Wednesday, March 7, 2012

Gauging Arab public opinion

A new, comprehensive poll illuminates Arabs' opinions on democracy, corruption, Palestine/Israel, and the US.

By Marwan Bishara

"The first of its kind - a poll conducted in 12 Arab countries, representing 84 per cent of the population of the Arab world, in an attempt to gauge the region's political mood - has arrived at some interesting results.

Organised by the Arab Centre for Research and Policy Studies (ACRPS), face-to-face interviews by Arab surveyors with 16,731 individuals in the first half of 2011 revealed majority support for the goals of the Arab revolutions and notably, for a democratic system of government.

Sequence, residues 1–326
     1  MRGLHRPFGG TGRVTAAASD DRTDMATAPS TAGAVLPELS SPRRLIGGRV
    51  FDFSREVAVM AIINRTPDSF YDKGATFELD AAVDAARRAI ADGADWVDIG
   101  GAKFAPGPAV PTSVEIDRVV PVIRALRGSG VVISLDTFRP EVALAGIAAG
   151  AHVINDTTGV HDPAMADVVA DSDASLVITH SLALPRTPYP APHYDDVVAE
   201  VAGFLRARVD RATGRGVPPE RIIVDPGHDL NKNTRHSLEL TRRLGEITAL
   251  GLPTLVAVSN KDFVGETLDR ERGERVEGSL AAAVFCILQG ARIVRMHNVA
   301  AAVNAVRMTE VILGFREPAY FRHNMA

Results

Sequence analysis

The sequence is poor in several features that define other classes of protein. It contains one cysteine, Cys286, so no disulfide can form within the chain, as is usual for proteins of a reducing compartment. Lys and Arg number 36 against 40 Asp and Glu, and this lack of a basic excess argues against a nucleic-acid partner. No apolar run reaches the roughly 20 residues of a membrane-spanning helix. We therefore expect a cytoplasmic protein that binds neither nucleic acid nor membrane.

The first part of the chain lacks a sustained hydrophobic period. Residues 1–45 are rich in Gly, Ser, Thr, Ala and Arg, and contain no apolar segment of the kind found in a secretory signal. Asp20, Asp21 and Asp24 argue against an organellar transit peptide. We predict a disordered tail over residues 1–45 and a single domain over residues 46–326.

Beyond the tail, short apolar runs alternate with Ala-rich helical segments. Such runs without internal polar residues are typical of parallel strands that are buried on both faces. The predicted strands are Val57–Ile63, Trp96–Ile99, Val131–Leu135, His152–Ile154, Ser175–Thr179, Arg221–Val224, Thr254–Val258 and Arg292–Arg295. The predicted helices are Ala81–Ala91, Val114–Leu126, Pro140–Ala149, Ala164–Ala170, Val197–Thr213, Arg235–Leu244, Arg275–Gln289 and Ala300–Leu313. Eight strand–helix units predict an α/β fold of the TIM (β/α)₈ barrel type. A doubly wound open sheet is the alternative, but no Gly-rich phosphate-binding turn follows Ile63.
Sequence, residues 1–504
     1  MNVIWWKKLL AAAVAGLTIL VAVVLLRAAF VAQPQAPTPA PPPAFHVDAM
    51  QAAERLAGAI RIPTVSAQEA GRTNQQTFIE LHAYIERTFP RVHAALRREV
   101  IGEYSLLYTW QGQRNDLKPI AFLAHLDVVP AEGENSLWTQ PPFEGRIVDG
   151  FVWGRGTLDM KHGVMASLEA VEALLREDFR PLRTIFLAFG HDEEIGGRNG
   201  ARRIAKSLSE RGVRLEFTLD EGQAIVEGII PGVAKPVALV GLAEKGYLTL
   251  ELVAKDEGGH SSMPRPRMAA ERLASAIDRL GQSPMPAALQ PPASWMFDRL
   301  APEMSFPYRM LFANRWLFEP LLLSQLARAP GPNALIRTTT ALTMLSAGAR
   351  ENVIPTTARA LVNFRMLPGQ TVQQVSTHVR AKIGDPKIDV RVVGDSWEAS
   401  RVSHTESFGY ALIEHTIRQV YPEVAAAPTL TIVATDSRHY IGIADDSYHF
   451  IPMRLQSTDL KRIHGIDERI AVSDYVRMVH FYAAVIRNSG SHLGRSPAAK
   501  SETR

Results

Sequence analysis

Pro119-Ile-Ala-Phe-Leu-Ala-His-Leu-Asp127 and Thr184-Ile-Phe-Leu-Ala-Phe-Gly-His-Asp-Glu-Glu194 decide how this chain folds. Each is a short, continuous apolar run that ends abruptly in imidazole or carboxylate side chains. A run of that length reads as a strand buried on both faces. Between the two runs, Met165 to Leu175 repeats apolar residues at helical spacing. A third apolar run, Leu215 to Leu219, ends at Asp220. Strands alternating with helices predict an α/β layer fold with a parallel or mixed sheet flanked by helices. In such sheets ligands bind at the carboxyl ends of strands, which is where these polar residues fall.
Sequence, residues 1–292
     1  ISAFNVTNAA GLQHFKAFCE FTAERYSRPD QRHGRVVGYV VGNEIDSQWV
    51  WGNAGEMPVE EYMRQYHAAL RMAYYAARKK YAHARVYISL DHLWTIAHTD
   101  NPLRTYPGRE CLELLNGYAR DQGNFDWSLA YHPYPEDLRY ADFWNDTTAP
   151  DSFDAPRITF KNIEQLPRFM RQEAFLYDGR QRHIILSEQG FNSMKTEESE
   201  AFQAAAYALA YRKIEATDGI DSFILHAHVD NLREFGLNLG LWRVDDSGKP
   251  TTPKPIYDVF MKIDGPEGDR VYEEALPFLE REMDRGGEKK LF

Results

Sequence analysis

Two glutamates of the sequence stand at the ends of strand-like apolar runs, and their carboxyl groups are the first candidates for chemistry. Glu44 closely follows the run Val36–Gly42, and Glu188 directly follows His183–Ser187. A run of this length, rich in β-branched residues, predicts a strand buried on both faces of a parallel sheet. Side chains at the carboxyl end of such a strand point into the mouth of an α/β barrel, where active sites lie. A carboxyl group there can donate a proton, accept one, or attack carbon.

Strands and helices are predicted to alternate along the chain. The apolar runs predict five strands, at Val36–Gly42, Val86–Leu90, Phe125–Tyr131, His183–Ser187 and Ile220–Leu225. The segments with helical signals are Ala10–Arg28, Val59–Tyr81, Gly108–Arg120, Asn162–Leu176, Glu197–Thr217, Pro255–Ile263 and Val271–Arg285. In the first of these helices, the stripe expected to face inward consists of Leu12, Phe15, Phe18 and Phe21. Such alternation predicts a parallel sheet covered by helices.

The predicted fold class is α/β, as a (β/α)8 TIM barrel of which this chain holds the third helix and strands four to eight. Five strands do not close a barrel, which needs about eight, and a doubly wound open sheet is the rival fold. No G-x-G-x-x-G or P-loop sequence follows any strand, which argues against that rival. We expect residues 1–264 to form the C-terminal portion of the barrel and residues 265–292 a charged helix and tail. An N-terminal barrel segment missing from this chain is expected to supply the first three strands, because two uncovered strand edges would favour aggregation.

The countries surveyed included Yemen, Saudi Arabia, Iraq, Jordan, Palestine, Lebanon, Sudan, Egypt, Tunisia, Algeria, Morocco and Mauritania, with the help of local institutions and research centres.

While people seem generally split on the question of separation of state and religion, a majority supports the non-interference of religious authorities in politics.

And by a 15-1 ratio, Israel and the US are seen as more threatening than Iran. However, this ratio is lower among those living in proximity to Iran.

Opinions differ on certain issues from country to country and region to region, but there's clearly a trans-national, trans-border public consensus when it comes to questions of identity and national priorities.

The data generated by the poll, the largest conducted so far in the region, is a treasure trove for those looking to better understand the political environment in the Arab world......"

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